Helicopters for Everybody (1930's)
The Hoppicopter is evolving into a comfortably single-seat helicopter that will supply you with cheap air transportation.
By Frank Tinsley
BACK in the 30’s, a Seattle aeronautical engineer named Horace T. Pentecost became convinced that he could design a set of personal wings. As an engineer and student of aviation history, Pentecost was well aware of the shortcomings of man-made flapping wings, so he gave the problem an entirely different solution. In place of rosy pinions, he substituted the whirling blades of the modern helicopter. His first machine, designed for army paratroopers, was intended to supplant the clumsy and uncontrollable parachute. Strapped to the wearer’s back, it was christened “Hoppicopter” because the trooper literally hopped off and landed on his own two feet. It consisted of little more than an engine, rotors and control stick, mounted on a tubular frame that was strapped over the flier’s shoulders and back.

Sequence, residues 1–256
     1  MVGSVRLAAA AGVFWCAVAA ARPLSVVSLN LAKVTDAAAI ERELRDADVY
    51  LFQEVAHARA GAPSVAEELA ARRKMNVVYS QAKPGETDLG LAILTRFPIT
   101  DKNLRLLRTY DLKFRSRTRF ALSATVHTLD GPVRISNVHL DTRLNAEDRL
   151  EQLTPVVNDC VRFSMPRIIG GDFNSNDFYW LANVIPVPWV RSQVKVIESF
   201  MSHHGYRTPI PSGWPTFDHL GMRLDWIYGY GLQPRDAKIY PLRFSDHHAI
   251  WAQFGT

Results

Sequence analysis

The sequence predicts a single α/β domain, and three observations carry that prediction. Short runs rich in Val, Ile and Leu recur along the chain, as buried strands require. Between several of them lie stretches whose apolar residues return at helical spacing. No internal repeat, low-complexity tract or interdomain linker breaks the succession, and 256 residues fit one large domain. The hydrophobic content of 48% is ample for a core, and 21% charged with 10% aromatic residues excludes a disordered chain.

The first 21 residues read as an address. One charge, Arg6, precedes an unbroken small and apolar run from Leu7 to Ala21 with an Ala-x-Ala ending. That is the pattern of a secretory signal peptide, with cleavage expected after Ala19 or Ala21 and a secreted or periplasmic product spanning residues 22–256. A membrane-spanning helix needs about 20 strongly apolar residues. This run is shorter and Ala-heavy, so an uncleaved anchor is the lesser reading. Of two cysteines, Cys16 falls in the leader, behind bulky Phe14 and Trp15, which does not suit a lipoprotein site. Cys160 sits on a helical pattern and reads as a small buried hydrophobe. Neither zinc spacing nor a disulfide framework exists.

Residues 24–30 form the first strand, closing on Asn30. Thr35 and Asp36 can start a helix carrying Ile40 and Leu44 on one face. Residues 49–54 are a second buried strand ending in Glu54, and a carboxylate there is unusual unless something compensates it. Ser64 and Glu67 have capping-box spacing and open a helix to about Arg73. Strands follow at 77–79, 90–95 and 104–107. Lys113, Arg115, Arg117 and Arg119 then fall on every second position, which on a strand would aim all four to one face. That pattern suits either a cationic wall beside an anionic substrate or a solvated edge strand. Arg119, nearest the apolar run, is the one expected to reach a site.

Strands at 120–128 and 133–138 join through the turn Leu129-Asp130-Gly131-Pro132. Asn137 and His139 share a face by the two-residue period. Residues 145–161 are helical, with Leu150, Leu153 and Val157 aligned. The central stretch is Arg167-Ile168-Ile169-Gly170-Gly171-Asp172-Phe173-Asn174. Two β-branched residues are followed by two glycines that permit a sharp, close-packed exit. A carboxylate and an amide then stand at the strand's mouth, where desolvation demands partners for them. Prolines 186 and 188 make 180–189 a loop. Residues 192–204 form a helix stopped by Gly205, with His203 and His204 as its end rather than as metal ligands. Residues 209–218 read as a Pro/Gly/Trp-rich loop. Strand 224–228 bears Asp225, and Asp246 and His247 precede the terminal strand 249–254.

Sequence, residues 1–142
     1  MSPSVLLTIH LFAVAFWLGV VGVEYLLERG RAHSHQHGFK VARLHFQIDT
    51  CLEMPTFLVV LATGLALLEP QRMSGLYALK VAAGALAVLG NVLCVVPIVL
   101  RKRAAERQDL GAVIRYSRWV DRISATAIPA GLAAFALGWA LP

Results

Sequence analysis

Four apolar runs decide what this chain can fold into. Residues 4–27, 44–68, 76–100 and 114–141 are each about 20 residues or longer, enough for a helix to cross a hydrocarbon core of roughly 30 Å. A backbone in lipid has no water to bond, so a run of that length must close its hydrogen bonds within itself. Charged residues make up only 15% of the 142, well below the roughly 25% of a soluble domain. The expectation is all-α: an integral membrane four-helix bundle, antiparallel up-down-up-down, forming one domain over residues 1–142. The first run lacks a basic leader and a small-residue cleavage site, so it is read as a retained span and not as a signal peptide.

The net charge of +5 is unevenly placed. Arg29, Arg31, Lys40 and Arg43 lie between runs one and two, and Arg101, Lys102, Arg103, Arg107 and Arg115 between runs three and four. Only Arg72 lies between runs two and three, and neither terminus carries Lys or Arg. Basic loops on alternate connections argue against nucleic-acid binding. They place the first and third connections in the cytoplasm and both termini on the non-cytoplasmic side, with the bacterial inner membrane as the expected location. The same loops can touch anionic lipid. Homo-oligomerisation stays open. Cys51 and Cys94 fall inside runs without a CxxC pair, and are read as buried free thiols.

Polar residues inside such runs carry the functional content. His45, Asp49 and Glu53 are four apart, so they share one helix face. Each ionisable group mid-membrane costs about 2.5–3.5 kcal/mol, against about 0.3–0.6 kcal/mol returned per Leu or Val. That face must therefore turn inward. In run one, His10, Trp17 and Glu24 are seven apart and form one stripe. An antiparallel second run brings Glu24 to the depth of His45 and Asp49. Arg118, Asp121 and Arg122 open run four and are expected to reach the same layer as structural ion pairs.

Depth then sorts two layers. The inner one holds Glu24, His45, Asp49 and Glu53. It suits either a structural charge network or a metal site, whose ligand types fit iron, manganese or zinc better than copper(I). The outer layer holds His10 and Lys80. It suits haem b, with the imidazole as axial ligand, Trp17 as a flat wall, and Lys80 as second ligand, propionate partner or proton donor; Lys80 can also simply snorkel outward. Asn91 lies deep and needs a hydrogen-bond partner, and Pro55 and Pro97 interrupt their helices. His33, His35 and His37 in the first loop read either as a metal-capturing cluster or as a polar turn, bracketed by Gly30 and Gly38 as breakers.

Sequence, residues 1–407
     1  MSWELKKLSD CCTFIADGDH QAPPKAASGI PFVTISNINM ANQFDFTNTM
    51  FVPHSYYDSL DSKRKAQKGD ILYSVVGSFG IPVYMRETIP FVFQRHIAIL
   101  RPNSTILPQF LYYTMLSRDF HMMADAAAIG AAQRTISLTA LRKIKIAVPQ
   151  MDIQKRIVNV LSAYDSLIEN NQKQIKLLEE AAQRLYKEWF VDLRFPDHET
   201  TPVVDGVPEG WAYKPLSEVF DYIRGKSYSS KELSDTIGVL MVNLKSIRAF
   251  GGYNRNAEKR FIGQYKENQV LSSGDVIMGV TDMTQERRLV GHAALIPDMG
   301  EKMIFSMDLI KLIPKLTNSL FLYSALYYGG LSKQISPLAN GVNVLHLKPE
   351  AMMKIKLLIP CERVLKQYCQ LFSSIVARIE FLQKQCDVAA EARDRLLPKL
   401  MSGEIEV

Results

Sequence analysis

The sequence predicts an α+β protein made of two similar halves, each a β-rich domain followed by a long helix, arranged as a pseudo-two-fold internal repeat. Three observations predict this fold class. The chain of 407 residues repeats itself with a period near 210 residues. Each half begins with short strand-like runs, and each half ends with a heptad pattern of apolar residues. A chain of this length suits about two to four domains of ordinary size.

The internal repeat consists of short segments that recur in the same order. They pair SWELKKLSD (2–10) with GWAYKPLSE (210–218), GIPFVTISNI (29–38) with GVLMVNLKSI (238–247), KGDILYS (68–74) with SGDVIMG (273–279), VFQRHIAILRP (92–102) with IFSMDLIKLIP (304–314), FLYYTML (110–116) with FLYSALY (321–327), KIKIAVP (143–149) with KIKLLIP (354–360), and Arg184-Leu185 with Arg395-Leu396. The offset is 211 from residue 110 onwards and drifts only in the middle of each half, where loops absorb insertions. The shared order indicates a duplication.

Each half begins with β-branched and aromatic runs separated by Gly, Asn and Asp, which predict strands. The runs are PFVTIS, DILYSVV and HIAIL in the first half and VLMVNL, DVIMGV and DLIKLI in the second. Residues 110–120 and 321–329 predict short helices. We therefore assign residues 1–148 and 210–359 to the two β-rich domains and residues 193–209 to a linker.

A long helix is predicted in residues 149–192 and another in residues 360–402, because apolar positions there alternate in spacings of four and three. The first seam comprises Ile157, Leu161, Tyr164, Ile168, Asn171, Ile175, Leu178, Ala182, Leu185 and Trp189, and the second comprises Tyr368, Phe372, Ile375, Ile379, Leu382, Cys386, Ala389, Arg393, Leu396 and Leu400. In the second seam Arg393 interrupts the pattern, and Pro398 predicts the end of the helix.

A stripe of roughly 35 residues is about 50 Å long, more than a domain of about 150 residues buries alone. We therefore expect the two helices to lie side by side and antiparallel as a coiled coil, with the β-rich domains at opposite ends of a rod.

The Hoppicopter’s dependence upon human legs as landing gear proved its ultimate undoing. Landing on rough terrain, the wearers frequently stumbled and fell, smashing the whirling vanes against the ground. This was not only embarrassing but expensive.
The next model boasted a light tube-and-canvas seat and three landing wheels arranged in a triangle, supported on spindly, insect-like legs. In flight, the pilot felt somewhat more at ease, not as though he were hanging in space like a fish on the end of a line. The working parts were unchanged, however. A hot, noisy motor still nestled coyly against the back of the pilot’s neck. The gas tank was suspended directly above him with no fire protection.
The third model has corrected some of the above mentioned faults. The engine now is slung under the seat directly beneath the center of gravity. This warms the pilot in cold air and improves the machine’s balance. The model at present is being tested. There still remains, however, the sense of insecurity—of riding a flying swivel chair with no visible means of support. Pentecost and his associates are perfectly well aware of this natural reaction and have planned a weatherproof enclosure for the machine.
In the illustration one version of such a streamlined housing is shown. With this addition, Hoppicopter becomes a vehicle of true utility. Such a machine would be practical, cheap to buy and maintain and could easily be the answer to the demand for a “Model T” helicopter.